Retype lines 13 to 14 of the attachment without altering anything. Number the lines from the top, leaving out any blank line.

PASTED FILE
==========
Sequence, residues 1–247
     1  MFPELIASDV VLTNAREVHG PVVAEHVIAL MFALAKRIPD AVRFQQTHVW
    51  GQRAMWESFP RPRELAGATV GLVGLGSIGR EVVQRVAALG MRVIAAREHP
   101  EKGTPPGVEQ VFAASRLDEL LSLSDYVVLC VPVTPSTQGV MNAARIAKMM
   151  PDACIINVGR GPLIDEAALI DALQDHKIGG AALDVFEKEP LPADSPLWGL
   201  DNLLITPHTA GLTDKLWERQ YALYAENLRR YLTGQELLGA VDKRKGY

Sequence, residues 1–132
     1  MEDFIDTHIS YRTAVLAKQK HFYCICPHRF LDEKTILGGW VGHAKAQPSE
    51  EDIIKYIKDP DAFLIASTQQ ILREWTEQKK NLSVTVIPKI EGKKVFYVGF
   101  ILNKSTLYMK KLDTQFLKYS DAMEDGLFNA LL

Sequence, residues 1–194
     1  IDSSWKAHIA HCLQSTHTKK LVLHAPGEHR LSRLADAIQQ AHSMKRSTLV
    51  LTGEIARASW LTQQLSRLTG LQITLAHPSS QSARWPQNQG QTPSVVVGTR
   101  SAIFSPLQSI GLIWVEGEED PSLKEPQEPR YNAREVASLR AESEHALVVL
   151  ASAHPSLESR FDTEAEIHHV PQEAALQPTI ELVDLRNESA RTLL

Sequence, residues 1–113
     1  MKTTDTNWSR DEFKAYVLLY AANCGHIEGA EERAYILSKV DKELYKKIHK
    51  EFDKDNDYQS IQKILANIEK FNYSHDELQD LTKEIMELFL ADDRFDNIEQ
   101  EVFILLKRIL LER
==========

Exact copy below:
    51  LTGEIARASW LTQQLSRLTG LQITLAHPSS QSARWPQNQG QTPSVVVGTR
   101  SAIFSPLQSI GLIWVEGEED PSLKEPQEPR YNAREVASLR AESEHALVVL